Preserving mitochondrial homeostasis increases lifespan
- Aging is associated with a loss of mitochondrial network homeostasis.
- Preserving mitochondrial network homeostasis during aging increases lifespan.
- This may be achieved either by dietary restriction or by genetic manipulation.
Lifespan and health may be promoted through manipulation of the mitochondrial network either by dietary restriction or by genetic manipulation that mimics it, according to recent research at the Harvard T.H. Chan School of Public Health.
The scientists used C. elegans (nematode worms), which live just two weeks and thus enable the study of aging in real time in the lab. Mitochondrial networks inside cells typically toggle between fused and fragmented states. The researchers found that restricting the worms' diet, or mimicking dietary restriction through genetic manipulation of an energy-sensing protein called AMP-activated protein kinase (AMPK), maintained the mitochondrial networks in a fused or "youthful" state. In addition, they found that these youthful networks increase lifespan by communicating with organelles called peroxisomes to modulate fat metabolism.
‘Preserving mitochondrial network homeostasis during aging by co-inhibition of fusion and fission is sufficient itself to increase lifespan.’
Relationship between low energy conditions and healthy aging
"Low-energy conditions such as dietary restriction and intermittent fasting have previously been shown to promote healthy aging. Understanding why this is the case is a crucial step towards being able to harness the benefits therapeutically," said Heather Weir, lead author of the study, who conducted the research while at Harvard Chan School and is now a research associate at Astex Pharmaceuticals. "Our findings open up new avenues in the search for therapeutic strategies that will reduce our likelihood of developing age-related diseases as we get older."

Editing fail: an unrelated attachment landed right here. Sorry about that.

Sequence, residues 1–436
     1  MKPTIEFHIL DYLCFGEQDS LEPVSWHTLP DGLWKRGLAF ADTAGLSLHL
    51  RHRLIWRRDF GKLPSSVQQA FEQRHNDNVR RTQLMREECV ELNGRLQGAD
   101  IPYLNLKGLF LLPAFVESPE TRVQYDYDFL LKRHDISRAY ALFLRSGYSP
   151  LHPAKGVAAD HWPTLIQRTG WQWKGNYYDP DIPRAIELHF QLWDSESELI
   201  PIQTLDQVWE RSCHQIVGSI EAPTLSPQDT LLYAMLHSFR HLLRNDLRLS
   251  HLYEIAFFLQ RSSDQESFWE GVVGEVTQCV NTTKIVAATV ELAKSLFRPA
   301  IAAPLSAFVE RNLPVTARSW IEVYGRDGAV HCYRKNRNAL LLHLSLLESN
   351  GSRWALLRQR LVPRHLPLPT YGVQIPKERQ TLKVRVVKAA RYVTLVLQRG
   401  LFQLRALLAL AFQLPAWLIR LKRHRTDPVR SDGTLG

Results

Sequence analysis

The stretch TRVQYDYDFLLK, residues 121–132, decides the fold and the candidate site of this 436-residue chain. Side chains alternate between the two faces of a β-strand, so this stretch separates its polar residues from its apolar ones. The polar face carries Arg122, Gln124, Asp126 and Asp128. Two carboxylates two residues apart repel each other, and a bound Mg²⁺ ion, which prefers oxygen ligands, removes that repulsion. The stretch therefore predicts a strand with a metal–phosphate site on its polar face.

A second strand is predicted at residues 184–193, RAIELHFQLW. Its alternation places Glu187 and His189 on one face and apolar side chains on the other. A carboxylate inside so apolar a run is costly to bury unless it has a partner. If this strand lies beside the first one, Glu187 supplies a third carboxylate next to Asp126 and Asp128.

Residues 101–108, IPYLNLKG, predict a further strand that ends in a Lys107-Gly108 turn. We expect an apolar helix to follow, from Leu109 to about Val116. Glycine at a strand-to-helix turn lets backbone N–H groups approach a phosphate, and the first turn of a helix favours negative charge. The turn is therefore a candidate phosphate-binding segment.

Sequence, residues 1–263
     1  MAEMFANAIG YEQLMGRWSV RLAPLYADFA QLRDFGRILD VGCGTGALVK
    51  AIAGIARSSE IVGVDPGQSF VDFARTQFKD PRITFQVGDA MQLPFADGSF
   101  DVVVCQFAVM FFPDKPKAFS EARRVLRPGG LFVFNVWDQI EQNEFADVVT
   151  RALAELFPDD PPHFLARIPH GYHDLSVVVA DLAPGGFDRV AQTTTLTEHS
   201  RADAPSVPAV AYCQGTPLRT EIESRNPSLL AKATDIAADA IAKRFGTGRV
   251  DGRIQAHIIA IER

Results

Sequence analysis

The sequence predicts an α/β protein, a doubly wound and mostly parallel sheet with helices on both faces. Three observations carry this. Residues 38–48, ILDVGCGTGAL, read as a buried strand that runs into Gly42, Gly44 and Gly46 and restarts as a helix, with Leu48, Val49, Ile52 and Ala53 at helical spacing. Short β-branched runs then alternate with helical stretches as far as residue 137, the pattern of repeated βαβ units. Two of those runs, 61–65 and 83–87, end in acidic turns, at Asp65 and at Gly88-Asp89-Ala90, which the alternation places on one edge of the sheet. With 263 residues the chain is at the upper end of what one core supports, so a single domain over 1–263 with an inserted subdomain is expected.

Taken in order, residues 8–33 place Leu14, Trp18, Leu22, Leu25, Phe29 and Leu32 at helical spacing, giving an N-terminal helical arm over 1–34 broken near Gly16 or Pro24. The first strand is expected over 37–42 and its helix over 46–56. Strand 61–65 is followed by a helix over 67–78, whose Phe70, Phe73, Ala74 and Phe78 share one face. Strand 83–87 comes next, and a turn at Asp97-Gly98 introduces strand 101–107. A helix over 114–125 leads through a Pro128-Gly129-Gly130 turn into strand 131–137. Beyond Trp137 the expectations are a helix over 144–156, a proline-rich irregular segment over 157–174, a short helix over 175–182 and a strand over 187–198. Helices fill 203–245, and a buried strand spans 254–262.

"Although previous work has shown how intermittent fasting can slow aging, we are only beginning to understand the underlying biology," said William Mair, associate professor of genetics and complex diseases at Harvard Chan School and senior author of the study. "Our work shows how crucial the plasticity of mitochondria networks is for the benefits of fasting. If we lock mitochondria in one state, we completely block the effects of fasting or dietary restriction on longevity."
The study, published online October 26, 2017 in Cell Metabolism, sheds light on the basic biology involved in cells' declining ability to process energy over time, which leads to aging and age-related disease, and how interventions such as periods of fasting might promote healthy aging.
Mitochondria and aging
Mitochondria are the energy-producing structures in cells. They exist in networks that dynamically change shape according to energy demand. Their capacity to do so declines with age, but the impact this has on metabolism and cellular function was previously unclear. In this study, the researchers showed a causal link between dynamic changes in the shapes of mitochondrial networks and longevity.
Next steps for the researchers including testing the role mitochondrial networks have in the effect of fasting in mammals, and whether defects in mitochondrial flexibility might explain the association between obesity and increased risk for age-related diseases.
- Heather J. Weir and Pallas Yao et al. Dietary Restriction and AMPK Increase Lifespan via Mitochondrial Network and Peroxisome Remodeling, Cell Metabolismhttp://dx.doi.org/10.1016/j.cmet.2017.09.024